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Regeneration - How the War is Explored.

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Regeneration - Pat Barker How the War is Explored: The war in 'Regeneration' is explored 'back home'. Rather than portraying the war in terms of fighting on the frontline in the battlefields of France, Barker demonstrates the effects on the soldiers 'back home', both physically and mentally. The soldiers are those who have been injured, shell-shocked, or had a breakdown and are being treated with the intention of sending those who are able, back to France or at least resuming some kind of war duties. The war is explored, essentially in terms of the psychological effects of those who fought it. The physical traumas and horrific injuries suffered are widely known. However the mental traumas are probably less known and not fully understand. It is from this perspective Barker writes. The book poses as an alternative to the novels written from the perspective and experiences of the soldier who is fighting on the frontline. I Regeneration we learn of these experiences from those who were there but learn them in such a way that we are allowed to understand the real and devastating effects they can have on individuals. Barker manages to provoke the vivid and agonising pain of the First World War through her characters and portrayals of how their lives and they themselves have come to change as people as a result of their involvement in the war. ...read more.


His decision to go back is born out of the guilt complex he develops and his ''solution' was to tell himself that he was going back only to look after some men'. The reason for Sassoon being at Craiglockhart in first place was because of his open 'protests' to the war. He was essentially dangerous for the government and could cause a revolt among the fighters. He is diagnosed for having war-neurosis and this is apparently what he is being treated for, even though Rivers admits there is nothing wrong with his state of mind - it simply did not comply with the government's opinions of the war. Sassoon remains strong in his judgement throughout the novel and his attitude does not change. The biggest and most obvious effect the war has on him is his poetry. However in the end, Rivers is sure, his decision to go back to fight was not all it seems, especially as it was clear Sassoon's opinions had not changed. Sassoon was going back with the intention of being killed and that this was what he wanted and if he survived then a real breakdown would be imminent. This is the ultimate effect the war held over Sassoon. Dr. Rivers - Rivers is too old to fight and is a war doctor/psychiatrist that Sassoon has being especially sent to. ...read more.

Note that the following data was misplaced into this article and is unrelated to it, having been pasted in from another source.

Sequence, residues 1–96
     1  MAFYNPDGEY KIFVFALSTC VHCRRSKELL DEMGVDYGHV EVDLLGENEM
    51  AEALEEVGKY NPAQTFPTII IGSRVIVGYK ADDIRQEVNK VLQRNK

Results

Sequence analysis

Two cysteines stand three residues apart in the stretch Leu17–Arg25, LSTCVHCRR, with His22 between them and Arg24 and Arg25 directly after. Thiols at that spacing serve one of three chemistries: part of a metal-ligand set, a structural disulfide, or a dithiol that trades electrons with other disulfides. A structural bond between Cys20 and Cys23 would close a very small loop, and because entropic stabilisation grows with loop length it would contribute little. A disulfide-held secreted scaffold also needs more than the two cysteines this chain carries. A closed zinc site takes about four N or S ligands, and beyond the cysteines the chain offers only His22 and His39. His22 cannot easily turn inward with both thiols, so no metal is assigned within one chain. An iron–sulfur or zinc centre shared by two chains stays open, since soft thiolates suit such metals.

In this way the sense of a class system did not always apply but was usually most apparent throughout the war. Burns - The effects the war had on Burns is portrayed firstly through his physical condition. Burns had been thrown into the air, after a shell had exploded. He landed head first in the decomposing body of a German soldier. Since then he has never been able to eat without being sick after. He was once a young, fit and healthy soldier but had now become a rickety sack of skin and bones. There is an episode in Regeneration of his suicide attempt and we learn more about Burns trough his actions rather than his words and emotions. Burns was almost certainly never going to be able to overcome his condition and suffered badly from terrifying nightmares. Burns portrays then men who came back but already had lost their lives. Burns would never be able to return even slightly to the man he once was because his ordeal was too overwhelming and incredibly hard for him to forget and overcome. He is compelled with his thoughts and reminded of his experience in every nightmare and every time he eats. He would rather die and this is what Barker tries to communicate with us - that there were some whose experiences were so devastating that they will never get over them and therefore have already lost their lives. ...read more.

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